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          FISCAL EFFECT:  Unknown


          COMMENTS:  According to the author, there are a number of  
          incentive programs created to make clean air vehicles more  
          affordable to low- and moderate income purchasers but these  
          incentives, while lowering the up-front purchase price of the  
          vehicle, do nothing to address ongoing costs associated with  
          owning the vehicle-such as higher VLFs.  Specifically, the  
          author notes that VLFs are based on the retail value of the  
          vehicle and, as a result, low- and moderate income consumers who  
          buy higher-value ZEVs using incentive funding, are then required  
          to pay higher VLFs (based on the vehicle's actual value or sales  
          price) rather than the lower, out-of-pocket cost that were  
          actually paid by the buyer (after incentives were applied).  To  
          correct this perceived inequity, the author has introduced this  
          bill which would ensure that low- and moderate income  
          individuals who purchase clean air vehicles using incentive  
          funding, pay VLF on the vehicle's price after incentives are  
          applied rather than before incentives are applied.  





          The VLF was established by the Legislature in 1935 in lieu of a  
          property tax on vehicles.  The formula for VLF assessment,  
          established by the Legislature, is based upon the purchase price  
          of the vehicle or the value of the vehicle when it is acquired.   
          The VLF decreases with each renewal for the first 11 years or  
          until the vehicle is transferred.  When transferred, the  
          depreciation of the VLF is based on the new purchase price when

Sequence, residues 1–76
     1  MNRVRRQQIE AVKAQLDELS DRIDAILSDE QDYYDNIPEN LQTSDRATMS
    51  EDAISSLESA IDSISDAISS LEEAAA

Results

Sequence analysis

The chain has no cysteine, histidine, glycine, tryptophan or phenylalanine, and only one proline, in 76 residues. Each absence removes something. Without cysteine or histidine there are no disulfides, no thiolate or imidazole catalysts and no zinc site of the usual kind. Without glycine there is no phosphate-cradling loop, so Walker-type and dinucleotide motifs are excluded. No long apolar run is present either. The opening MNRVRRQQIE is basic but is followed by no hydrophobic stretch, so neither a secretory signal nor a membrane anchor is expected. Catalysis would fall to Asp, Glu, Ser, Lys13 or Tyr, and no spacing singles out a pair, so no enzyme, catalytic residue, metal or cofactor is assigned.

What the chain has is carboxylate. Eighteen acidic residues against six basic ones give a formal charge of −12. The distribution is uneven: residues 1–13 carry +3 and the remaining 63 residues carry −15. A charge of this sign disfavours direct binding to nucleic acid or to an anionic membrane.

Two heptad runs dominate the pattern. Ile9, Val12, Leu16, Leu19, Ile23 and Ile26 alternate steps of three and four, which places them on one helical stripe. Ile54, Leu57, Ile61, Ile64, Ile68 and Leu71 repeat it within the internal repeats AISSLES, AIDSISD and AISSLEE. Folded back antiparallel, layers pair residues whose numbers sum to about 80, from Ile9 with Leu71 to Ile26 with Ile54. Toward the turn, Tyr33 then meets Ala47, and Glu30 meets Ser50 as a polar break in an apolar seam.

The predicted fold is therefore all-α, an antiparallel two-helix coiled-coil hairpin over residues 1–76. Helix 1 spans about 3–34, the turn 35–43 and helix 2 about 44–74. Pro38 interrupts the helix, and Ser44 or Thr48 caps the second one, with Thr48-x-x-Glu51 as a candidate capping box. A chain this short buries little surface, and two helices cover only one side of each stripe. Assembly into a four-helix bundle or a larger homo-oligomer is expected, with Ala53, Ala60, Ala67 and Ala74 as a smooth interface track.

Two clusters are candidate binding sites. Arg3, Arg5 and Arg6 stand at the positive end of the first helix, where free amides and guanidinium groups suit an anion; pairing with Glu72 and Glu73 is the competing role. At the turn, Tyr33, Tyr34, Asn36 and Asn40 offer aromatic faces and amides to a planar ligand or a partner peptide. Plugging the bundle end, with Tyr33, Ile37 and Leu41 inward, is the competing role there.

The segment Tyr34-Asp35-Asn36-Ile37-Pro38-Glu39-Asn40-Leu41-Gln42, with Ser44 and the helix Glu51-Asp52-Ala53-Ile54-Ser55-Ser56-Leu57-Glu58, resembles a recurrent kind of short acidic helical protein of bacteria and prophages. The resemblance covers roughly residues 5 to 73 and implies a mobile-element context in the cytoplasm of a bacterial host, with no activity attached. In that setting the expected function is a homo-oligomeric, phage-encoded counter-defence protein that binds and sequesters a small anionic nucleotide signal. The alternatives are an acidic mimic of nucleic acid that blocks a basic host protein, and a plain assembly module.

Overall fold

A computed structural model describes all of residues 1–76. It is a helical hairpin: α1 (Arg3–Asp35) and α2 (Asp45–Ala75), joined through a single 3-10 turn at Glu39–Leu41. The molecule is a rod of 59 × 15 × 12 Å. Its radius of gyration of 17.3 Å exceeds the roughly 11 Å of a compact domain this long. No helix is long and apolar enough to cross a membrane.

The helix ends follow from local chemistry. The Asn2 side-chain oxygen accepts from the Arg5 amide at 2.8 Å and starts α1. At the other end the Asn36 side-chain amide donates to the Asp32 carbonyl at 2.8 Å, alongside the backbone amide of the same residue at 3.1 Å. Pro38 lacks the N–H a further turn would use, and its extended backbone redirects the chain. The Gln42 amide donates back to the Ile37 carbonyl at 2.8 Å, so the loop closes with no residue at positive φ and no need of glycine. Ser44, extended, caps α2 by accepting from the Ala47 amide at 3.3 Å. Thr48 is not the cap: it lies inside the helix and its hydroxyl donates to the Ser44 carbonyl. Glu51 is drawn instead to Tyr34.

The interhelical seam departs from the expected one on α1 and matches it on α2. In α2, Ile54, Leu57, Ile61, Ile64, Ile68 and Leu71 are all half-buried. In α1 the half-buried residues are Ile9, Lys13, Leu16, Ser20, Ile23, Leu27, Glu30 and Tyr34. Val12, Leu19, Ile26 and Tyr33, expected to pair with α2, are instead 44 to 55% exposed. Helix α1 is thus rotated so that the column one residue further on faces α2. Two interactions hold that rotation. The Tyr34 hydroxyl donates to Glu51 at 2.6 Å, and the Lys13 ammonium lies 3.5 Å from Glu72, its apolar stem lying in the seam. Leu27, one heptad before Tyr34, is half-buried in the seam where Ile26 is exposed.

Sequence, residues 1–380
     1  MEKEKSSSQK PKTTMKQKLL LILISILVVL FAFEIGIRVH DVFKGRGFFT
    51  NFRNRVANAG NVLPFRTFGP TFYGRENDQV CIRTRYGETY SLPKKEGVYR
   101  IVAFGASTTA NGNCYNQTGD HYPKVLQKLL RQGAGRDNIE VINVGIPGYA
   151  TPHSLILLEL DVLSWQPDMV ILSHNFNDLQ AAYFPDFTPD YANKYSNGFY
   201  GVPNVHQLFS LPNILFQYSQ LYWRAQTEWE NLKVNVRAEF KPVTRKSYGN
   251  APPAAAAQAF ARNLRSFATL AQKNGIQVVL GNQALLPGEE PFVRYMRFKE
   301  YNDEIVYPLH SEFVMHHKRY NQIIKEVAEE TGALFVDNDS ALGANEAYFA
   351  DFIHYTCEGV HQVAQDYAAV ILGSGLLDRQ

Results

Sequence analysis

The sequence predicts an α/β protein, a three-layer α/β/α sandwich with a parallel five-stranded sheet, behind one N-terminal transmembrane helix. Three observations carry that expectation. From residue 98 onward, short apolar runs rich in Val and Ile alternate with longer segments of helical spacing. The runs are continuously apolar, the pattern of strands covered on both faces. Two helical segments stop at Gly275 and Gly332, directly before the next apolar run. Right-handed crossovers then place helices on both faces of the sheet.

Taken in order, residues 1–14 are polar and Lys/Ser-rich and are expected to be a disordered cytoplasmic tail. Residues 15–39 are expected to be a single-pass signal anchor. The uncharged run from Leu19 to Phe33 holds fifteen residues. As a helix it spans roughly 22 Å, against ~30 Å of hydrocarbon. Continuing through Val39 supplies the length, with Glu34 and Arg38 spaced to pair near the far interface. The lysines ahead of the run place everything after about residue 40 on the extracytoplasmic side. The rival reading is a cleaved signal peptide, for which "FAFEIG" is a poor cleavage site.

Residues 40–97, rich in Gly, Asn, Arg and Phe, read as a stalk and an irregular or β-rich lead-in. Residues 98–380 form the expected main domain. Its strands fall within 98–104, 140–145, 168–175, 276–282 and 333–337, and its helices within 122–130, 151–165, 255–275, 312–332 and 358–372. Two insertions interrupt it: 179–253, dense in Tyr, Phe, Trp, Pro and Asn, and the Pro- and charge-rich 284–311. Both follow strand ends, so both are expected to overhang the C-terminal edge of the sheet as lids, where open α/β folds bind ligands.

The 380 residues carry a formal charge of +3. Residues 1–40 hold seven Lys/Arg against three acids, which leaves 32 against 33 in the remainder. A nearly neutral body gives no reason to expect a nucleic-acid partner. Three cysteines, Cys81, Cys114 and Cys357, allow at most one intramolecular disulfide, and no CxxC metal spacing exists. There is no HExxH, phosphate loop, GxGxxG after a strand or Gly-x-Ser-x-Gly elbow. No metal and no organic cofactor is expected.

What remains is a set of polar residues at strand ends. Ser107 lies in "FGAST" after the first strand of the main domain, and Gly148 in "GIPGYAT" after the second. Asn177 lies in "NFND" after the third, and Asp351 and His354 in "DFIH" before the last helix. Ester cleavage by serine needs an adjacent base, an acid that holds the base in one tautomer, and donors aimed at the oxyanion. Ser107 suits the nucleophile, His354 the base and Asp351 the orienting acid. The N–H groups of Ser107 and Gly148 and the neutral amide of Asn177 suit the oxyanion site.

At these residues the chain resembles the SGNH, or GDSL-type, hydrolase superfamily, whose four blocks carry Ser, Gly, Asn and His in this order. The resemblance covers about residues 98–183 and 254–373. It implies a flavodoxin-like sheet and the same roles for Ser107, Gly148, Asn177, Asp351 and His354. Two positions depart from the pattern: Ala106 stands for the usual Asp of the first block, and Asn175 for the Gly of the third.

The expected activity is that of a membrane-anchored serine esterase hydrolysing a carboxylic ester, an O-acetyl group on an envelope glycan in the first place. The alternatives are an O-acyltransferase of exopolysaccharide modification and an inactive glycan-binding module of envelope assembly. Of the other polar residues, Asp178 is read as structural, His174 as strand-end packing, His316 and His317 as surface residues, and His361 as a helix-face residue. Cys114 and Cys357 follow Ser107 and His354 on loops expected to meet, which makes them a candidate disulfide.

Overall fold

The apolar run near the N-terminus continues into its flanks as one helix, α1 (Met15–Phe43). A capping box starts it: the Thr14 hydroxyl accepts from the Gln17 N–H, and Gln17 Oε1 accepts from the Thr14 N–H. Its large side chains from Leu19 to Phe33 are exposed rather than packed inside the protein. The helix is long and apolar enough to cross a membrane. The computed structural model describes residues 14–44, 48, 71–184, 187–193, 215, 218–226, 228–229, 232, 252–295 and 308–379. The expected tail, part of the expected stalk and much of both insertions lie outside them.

acquired.  The VLF is part of the total fees due upon initial  
          and annual vehicle registration renewal and is currently set at  
          0.65% of the vehicle's value.  VLF revenues are returned to  
          cities and counties by the DMV.  


           








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          Pursuant to AB 32, it is the state's goal to reduce GHG  
          emissions to 1990 levels by 2020.  Given that the transportation  
          sector account for nearly 40% of GHG emissions, substantial  
          efforts have been taken to reduce the numbers of high-polluting  
          cars in the state. To accomplish this, the state has developed a  
          number of incentive programs to encourage individuals to retire  
          their high-polluting cars and replace them with cleaner cars.   
          Given that areas of the state with the poorest air quality  
          typically coincide with higher numbers of disadvantaged  
          communities, greater effort has been placed on increasing  
          incentives for low- and moderate- income individuals in these  
          areas.  





          A number of programs have been established to incentivize the  
          replacement of high polluting vehicles for low- and moderate  
          income individuals and program incentives can be "stacked" to  
          further incentivize the purchase and use of cleaner cars and  
          especially ZEVs.  For example, EFMP provides incentives ranging  
          from $2,500 up to $4,500, depending on income level and the type  
          of vehicle purchased.  Residents living in disadvantaged  
          communities are also eligible for up to an additional $2,500 for